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Lakers are screened out by ESPN and NBA

SportsLos Angeles LakersNBAPro BasketballBasketballESPNMike D'Antoni

SALT LAKE CITY — The Lakers have spent plenty of time in the TV glare over the years, continually logging the maximum number of games allowed by the NBA on national TV.

But this week they got a cold, hard stare from the NBA and ESPN, who decided in conjunction to drop planned coverage on ESPN of a Lakers game against the Houston Rockets in favor of a Phoenix-Minnesota game the same night, Jan. 8.

The Lakers got stranded at the TV altar?

"They'll rue the day," Coach Mike D'Antoni said jokingly, all but shaking his fist at the sky Friday morning.

It's an unusual occurrence for the TV-friendly franchise, but the Lakers (13-17) are struggling in the win column and don't have Kobe Bryant until at least late January. On the other hand, this game in question is against Dwight Howard's new team in Houston.

Ratings gold! Maybe not.

"They're doing business and you can't blame them," D'Antoni said. "That's our job now, is to make them go, 'Man, we messed that up.'"

The Lakers won't draw any extra attention from ESPN or NBA executives after their 105-103 loss Friday to a weak Utah team.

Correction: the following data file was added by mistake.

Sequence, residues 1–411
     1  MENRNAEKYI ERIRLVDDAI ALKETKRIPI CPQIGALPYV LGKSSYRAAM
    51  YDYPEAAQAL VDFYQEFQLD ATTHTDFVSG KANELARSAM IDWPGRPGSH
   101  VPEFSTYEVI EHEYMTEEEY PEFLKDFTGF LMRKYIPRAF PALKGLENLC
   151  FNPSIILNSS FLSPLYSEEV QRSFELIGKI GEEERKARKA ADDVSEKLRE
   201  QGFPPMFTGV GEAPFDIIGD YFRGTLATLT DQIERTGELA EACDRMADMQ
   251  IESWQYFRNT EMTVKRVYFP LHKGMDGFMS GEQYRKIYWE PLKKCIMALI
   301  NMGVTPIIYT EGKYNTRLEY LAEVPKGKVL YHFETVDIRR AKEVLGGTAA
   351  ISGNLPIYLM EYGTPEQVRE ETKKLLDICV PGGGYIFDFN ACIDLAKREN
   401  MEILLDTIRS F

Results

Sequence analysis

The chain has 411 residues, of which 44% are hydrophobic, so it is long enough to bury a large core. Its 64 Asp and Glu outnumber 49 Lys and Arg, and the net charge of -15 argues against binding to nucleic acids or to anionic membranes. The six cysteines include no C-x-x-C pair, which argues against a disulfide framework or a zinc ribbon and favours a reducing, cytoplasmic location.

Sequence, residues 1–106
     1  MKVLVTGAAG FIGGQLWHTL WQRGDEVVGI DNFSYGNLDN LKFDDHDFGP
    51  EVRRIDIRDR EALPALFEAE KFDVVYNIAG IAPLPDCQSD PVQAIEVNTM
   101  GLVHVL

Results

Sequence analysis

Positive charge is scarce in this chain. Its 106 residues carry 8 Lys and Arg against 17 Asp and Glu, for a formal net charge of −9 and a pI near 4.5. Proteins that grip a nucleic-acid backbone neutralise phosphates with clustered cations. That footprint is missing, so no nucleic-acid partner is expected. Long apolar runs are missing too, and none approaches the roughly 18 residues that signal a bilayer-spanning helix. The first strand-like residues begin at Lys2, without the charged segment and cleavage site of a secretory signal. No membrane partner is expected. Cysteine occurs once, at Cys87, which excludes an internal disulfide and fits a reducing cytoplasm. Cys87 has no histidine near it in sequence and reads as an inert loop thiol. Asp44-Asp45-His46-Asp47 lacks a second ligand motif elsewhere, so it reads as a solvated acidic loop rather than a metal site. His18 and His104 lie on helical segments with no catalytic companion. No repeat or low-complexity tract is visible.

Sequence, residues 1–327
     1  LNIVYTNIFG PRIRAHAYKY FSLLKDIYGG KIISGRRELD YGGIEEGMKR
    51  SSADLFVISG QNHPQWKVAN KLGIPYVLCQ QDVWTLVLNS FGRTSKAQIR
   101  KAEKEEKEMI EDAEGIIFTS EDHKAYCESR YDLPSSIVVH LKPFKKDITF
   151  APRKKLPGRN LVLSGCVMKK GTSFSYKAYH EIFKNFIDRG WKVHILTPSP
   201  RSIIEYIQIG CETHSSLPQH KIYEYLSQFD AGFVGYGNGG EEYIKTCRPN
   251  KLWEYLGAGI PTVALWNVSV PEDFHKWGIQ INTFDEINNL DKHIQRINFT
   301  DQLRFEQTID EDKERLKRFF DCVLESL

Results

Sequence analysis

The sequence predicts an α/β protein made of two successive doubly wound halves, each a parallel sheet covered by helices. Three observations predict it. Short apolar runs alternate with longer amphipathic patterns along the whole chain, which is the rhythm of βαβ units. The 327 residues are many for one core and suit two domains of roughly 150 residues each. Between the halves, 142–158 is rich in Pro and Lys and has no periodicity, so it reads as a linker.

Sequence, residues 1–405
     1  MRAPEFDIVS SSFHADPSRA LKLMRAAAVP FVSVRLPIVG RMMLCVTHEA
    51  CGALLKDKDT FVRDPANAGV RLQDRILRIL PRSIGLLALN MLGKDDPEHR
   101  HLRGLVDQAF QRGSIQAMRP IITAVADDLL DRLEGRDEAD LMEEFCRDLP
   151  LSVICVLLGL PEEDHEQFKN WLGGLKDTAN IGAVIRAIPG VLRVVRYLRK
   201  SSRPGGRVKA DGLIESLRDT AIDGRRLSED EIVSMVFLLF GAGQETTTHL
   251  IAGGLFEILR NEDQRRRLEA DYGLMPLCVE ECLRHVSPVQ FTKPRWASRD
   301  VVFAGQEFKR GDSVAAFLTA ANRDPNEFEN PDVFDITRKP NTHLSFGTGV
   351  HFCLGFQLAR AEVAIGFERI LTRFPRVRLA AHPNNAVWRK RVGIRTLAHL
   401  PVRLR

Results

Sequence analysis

ESPN and the NBA can later decide to add another Lakers game to ESPN's slate. A team can make a maximum of 10 appearances on ESPN per season, and this week's decision knocks the Lakers down to a scheduled nine.

Discouraged no more

It used to bother D'Antoni when Lakers fans bought tickets to games in Phoenix, dotting the crowd with purple and gold jerseys.

"I thought sometimes in Phoenix it was half and half and I'm going, 'This just can't be,'" said D'Antoni, who coached the Suns for five seasons. "But then you realize as a Laker that it's unbelievable. I guess it just comes from winning. That's what happens."

With their national following, the Lakers typically play in front of plenty of fans at almost every arena.

Friday was no different, with Lakers followers creating a presence at EnergySolutions Arena. During one timeout, the scoreboard picked out several shots of people wearing Lakers jerseys on what was called the "Bandwagon Cam." They were roundly booed.

Four-point specialist

Nick Young did not convert a four-point play against Utah. Shocking.

He had been on a roll, completing basketball's most unusual scoring play in three of four games before Friday.

He had another four-point play earlier this season against Denver, already giving him more in one season than any player in Lakers history. The most Bryant ever had in a season was two.

"It feels good to be in the record books for something on the Lakers. I grew up watching them," Young said. "I would have thought Kobe would have had that already, or Derek Fisher. It's an honor."

Young has a ways to go to catch Bryant for career four-point plays (16). Sasha Vujacic had six four-point plays with the Lakers and Fisher had five.

"It is uncanny," D'Antoni said of Young. "There's a few guys that can do that. I couldn't make an open three just by myself. How they can draw the foul and be able to make it is a mystery."

mike.bresnahan@latimes.com

Twitter: @Mike_Bresnahan

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